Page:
Toyota has revealed some of the new technologies and systems it will be featuring in future models to make driving safer. True to the company’s Integrated Safety Management Concept, these have been designed from the start to work together to help cut the number of road accidents.
The new features, announced at a safety seminar in Toyota City, will be rolled out in new models from 2015. Toyota is also creating Safety Sense active safety packages, tailored to suit different size vehicles that will be made available worldwide by the end of 2017.[image_frame style=”framed_shadow” align=”center” alt=” Toyota Reveals Next-generation Integrated Safety Technology” title=”Toyota is creating Safety Sense active safety packages, tailored to suit different size vehicles that will be made available worldwide by the end of 2017″ height=”337″ width=”600″]https://www.car-engineer.com/wp-content/uploads/2014/11/Toyota-Reveals-Next-generation-Integrated-Safety-Technology.jpg[/image_frame]
Vehicle-infrastructure and vehicle-vehicle communications
When driver pulls up to a blind junction, sometimes even the best on-board cameras and sensors can’t give clear warning of the potential hazards. Toyota has worked to eliminate the risk with new vehicle-to-infrastructure and vehicle-to-vehicle communications, using a wireless frequency reserved for ITS – Integrated Traffic System – services.
For example, when the driver arrives at junction with no clear view, sensors above the road will detect on-coming traffic or pedestrians crossing the road and send the information to his car – the vehicle-to-infrastructure system.
Vehicles approaching the intersection will signal their presence using the vehicle-to-vehicle link, activating visual and audio driver warnings when necessary to help prevent an accident.
Toyota has also developed a new Communicating Radar Cruise Control that uses vehicle-to-vehicle communication to make it easier for preceding and following vehicles to keep a safe distance apart. It uses a forward-facing millimeter-wave radar to monitor the distance between owner’s vehicle and the one ahead, their relative speed and the acceleration/deceleration of the car in front. This improves tracking performance in traffic, being safer and more fuel-efficient, and helping avoid one of the common causes of congestion.
Toyota develops its ITS-compatible systems working in collaboration with government bodies, agencies and private companies, with the aim of launching them as soon as practically possible. In 2013, Toyota participated in the ITS Green Safety public-private collaborative demonstration project to assess the social effects of such systems. It will also be participating in the ITS Connect Promotion Consortium to support the development of environments for the smooth introduction of such systems and their widespread adoption.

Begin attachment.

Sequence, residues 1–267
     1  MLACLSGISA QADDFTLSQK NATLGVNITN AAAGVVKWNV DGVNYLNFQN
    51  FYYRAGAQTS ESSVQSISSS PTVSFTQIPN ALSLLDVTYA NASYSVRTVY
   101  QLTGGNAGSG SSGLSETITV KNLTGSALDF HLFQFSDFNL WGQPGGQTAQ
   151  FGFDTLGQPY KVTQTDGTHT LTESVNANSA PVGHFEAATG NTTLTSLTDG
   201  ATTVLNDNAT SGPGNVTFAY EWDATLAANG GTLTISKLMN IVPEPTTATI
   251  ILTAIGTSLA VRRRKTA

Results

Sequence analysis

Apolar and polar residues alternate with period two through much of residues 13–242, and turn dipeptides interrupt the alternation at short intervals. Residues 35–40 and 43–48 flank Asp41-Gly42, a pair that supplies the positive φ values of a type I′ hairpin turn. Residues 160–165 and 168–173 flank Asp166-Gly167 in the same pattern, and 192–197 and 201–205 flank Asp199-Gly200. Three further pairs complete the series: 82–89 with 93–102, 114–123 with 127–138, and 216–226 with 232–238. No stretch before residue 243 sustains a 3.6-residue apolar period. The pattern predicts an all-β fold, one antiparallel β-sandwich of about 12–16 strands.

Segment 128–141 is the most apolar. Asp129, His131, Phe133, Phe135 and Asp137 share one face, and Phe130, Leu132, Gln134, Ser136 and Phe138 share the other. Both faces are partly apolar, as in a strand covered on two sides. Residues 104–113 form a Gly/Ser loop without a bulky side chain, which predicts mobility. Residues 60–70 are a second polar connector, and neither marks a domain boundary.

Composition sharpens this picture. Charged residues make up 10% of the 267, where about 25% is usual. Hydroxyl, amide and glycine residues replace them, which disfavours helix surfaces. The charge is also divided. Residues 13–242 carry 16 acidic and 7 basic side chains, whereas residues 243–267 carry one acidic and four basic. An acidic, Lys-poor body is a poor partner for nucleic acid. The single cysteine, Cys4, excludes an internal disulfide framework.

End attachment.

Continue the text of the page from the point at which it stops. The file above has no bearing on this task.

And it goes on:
LED Array Adaptive High Beam
Toyota has made important advances in automatic high beam and adaptive lighting systems. Now its next-generation system is ready to deliver better night-time illumination – the LED Array Adaptive High Beam.
This system uses multiple, independently controlled LEDs arranged in a single row. This gives a wider illumination without dazzling drivers of on-coming or preceding vehicles. It can light up the gaps between vehicles ahead and those approaching, making it easier to spot pedestrians; light distribution is also linked to use of the steering wheel, giving better visibility as driver turns into a bend.
Toyota’s development of next-generation illumination technologies is part of the company’s efforts to help prevent accidents at night. The new Toyota Safety Sense active safety package will include an automatic high beam function.
Toyota active safety packages
From 2015, Toyota will launch a new set of active safety technologies design to help prevent or mitigate collisions across a wide range of vehicle speeds. They will be offered in two Toyota Safety Sense packages, initially in Japan and subsequently in the USA and Europe, by the end of 2017.
The two packages – designated C and P for mid-size and larger vehicles respectively – bring together several of Toyota’s existing active safety technologies, including the Pre-Crash Safety system, Lane Keep Assist and automatic high beam. The C package uses a laser radar and the P package a millimeter-wave radar, each combined with a camera to secure high performance and reliability.[image_frame style=”framed_shadow” align=”center” alt=”Toyota safety Sense C and P” title=” Toyota Reveals Next-generation Integrated Safety Technology” height=”337″ width=”600″]https://www.car-engineer.com/wp-content/uploads/2014/11/Toyota-safety-Sense-C-and-P.jpg[/image_frame]
A separate active safety package, Lexus Safety System+, will be marketed for Lexus models, including a new Road Sign Assist function. This recognizes speed limits and road signs when travelling overseas, presenting the information on the driver’s instrument display.
[titled_box title=”Romain’s opinion:”]The so-called safety packages that OEMs are proposing to the customers seem very attractive from a safety perspective. But these are not offered as standard equipment to the customer and are often sold as quite expensive options. Do you think that government bodies and agencies will make these technologies mandatory for the OEM to certify their product?[/titled_box]